Randall Larson summed it up nicely: “Their use in these programs has likely allowed the music to be heard far beyond their use in the original films while at the same time Young’s music gave Jone’s documentaries a powerful musical dynamic that definitely increased their production value.” Isn’t that the job of good film music?
1…. Prelude (1:54)
2…. The German War Machine (1:55)
3…. Invasion (3:28)
4…. Aftermath (1:56)
5…. The Resistance (4:44)
6…. Panzers (1:04)
7…. Fortress Europe (1:38)
8…. Blitzkrieg (2:52)
9…. The Homefront (2:48)
10….The Pacific Fleet (3:04)
11….A North Atlantic Passage (2:58)
12….The Prisoners (3:13)
13….Operation Overload (2:42)
14….The Price of Victory (0:56)
15….The Push to Berlin (2:14)
16….Those Not to Be Forgotten (2:20)
Total Time 41:26
February 14, 2015
BSXCD 8948 LIMITED EDITION OF 1000 UNITS
Fourth Protocol Main Title
John Preston (Michael Caine) is given the task of trying to prevent the Russians from detonating a nuclear weapon. Directed by John Mackenzie the film also stars Pierce Bronson, Ned Beatty, and Joanne Cassidy. The film was shot in the UK and is based on the Frederick Forsyth novel. It did well at the box office and if you enjoy these types of films it is definitely worth a watch.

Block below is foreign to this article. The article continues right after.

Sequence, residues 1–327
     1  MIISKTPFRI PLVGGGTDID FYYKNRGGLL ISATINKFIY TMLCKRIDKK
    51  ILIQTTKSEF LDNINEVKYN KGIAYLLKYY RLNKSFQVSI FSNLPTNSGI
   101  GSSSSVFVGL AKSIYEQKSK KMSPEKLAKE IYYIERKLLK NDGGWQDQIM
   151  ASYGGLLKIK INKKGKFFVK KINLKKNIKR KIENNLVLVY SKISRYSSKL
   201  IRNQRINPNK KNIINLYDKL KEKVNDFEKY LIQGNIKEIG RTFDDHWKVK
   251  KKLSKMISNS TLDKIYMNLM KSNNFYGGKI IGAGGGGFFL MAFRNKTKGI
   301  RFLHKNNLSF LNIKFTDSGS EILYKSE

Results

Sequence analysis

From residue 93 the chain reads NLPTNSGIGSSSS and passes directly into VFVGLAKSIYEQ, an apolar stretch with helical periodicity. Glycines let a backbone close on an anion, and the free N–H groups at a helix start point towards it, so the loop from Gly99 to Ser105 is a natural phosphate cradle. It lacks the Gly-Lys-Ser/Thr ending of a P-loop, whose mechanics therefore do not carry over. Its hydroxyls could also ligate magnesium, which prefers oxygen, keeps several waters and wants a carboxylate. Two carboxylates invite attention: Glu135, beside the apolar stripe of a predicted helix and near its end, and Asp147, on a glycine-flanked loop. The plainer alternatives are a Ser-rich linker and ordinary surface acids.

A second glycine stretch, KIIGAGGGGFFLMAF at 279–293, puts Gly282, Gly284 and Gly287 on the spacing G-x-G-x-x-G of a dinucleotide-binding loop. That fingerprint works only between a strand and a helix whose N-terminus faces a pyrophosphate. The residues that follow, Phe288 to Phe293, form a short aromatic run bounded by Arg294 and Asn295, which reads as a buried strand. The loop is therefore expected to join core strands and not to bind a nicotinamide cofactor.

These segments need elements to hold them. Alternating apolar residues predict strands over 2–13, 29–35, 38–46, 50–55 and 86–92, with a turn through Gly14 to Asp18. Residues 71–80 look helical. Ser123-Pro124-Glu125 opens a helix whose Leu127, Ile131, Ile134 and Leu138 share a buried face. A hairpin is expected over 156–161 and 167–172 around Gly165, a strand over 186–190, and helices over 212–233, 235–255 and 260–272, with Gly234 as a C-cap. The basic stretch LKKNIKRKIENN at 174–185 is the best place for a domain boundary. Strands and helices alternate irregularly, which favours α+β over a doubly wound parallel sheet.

My preconceived idea was that the score was going to somehow mirror the “Mission Impossible” music he did for the popular television score and while there are moments similiar in some of the underscore it really isn’t like that at all. The opening cue “Fourth Protocol,” which I’ve included as an audio clip, will give you an excellent idea of the sound. It opens with two gunshot noises from the percussion followed by two more with the trumpets giving off a funeral salute followed by shimmering strings and a lumbering theme from the clarinet and bassoon a prelude for the brass to introduce the main theme with the lower strings playing a prominent part. “Govorshin, Karpov, Borisov,” the second track, opens with the bassoons a prelude to the clarinet who plays the main theme solo followed by an exchange between the orchestra which builds in intensity. String plucking from the double basses highlight the third track as they play against the orchestra. This is a technique that Schifrin uses throughout the score along with a three note motif that is followed by strings, what I like to call a Morse code sound from the string, trumpets, or other harmonic combinations. The strings in “The Freezer” have a tempo familiar to the original Batman television series.